January 29, 2018
Like the rest of Slovenia, variety in climate and geography is also characteristic of the Lower Sava Wine Growing region, consequently dividing the area into three distinctive sub-districts: Dolenjska (Lower Carniola), Bela krajina (White Carniola) and Bizeljsko-Sremič.
Lower Sava Wine Growing region, marked in green: above and below Novo Mesto: Dolenjska (Lower Carniola); east of Dolenjska: Bizeljsko-Sremič; to the south towards Metlika and Črnomelj: Bela Krajina (White Carniola)
Although the region, the only one where red varieties prevail, is mostly known for its lighter wines and wine blends rather than varietals, it is a historically important region where some of the most distinctive wine products of Slovenia originate, and which is also capable of producing bigger wines that come close or to the level of those originating in the Littoral, especially in Bela krajina (White Carniola) district, where hill range of Gorjanci blocks the colder winds from the north while the plains in the south allow entrance of the warm winds from the Adriatic Sea.
Dolenjska (Lower Carniola)
Although the world's oldest vine of the variety called žametovka grows in Maribor, that is in Styria (Štajerska) of the Drava Wine-growing region, the plant originates from Dolenjska, and as such plays an important constitutive part of Cviček, a regional wine that is perhaps as much typically Slovenian as Kraški Teran of the karst region.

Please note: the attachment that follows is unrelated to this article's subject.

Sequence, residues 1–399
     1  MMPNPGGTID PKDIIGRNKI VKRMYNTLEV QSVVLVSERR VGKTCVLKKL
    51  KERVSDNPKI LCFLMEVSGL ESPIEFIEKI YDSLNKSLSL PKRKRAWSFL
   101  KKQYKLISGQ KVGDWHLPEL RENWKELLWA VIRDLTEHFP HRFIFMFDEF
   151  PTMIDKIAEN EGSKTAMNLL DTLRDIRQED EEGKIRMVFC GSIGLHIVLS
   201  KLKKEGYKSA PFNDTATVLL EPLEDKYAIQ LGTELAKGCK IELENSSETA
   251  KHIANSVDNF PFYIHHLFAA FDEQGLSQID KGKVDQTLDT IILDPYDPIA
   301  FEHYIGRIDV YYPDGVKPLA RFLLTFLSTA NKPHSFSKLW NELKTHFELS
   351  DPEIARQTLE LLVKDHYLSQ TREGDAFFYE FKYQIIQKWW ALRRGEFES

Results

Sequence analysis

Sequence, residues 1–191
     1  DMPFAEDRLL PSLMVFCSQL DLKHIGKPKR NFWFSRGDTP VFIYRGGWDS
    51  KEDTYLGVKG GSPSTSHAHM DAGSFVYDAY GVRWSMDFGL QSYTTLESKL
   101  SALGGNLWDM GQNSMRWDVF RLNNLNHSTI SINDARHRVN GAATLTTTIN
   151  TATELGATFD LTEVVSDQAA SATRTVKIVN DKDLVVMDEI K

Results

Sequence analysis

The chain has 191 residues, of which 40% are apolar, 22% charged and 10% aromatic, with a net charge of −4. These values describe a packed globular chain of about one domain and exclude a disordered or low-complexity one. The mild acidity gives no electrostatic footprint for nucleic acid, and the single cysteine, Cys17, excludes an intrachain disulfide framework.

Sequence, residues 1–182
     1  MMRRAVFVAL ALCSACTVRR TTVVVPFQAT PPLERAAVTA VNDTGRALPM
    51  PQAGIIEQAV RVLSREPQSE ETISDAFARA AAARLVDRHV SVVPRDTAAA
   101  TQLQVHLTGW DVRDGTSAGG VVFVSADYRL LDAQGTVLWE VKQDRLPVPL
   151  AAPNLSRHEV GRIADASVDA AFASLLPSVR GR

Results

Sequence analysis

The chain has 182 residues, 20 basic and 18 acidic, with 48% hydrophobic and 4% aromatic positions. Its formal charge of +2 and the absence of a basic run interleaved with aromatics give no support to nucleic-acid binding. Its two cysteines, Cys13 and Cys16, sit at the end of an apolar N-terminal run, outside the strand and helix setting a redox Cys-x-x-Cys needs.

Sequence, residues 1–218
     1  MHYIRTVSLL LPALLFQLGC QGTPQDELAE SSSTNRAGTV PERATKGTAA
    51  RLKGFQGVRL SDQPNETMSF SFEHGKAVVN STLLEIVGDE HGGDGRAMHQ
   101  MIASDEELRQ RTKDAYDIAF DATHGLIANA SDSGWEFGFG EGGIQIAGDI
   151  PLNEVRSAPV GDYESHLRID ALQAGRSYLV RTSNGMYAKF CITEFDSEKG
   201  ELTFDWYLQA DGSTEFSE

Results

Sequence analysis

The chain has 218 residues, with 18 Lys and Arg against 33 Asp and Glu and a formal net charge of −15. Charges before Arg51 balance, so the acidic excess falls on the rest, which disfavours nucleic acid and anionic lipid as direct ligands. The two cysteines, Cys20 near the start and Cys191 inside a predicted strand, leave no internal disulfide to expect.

Cviček, a light red colour wine, is a blend of red and white varieties, with about half consisting of aforementioned žametovka, then up to 20% of Modra frankinja (Blue Franconian) and the remaining part taken by white varieties including Kraljevina and Laški Rizling (Welschriesling). By some accounts the wine got its name from “being (too) sour”, yet Cviček remains very popular among the local and visiting drinkers, perhaps precisely due to its simplicity and the lower levels of alcohol it contains. As this wine is very much on the dry side of the spectrum, it also pairs well with meat and dried meat dishes served with cabbage and potato.
Bela Krajina (White Carniola)
As mentioned earlier on, because of the hill range of Gorjanci, which stop the air from the north entering Bela Krajina and hence draws an important distinction between Dolenjska from Bela Krajina, the vine development is faster in Krajina than Dolenjska.
This district has drawn attention with its novel wines at least twice in the recent past, according to the Slovenian WIne Society first with rosé wine in 1981, and then with the first ice wine in 1985. Bela Krajina thus became a region known for producing interesting wines, including young Portugalka (Blauer Portugieser).
The sub-Pannonian climates of Bizeljsko, in the last few decades mostly known for its sparkling and sweet wines, entered the history books due to the year 1880, when the phylloxera louse was recorded in Bizeljsko. The disease, believed to be brought to Europe together with American self-rooted vines, decimated the European varieties to the point that they had to be saved by grafting on the resistant American vine varieties.
Self-rooted vines are still popular in Slovenia, and despite the fact that the law bans them from being turned into wine on an industrial scale (since it is believed that such wine contains high levels of methanol, instead of the much safer ethanol) they remain popular among the local population, especially the red variety called Isabella and white Šmarnica, among other things because of their resistance to rain. With proper treatment and mandatory testing on methanol, you might be even lucky enough to find and buy some, such as this bottle of sparkling Isabela we found in no other place but Vinoteka Štorjia:
Isabella sparkling, produced in Styria (Drava Wine-growing region)
Predicate (sweet) wines of KZ Krško, Sremič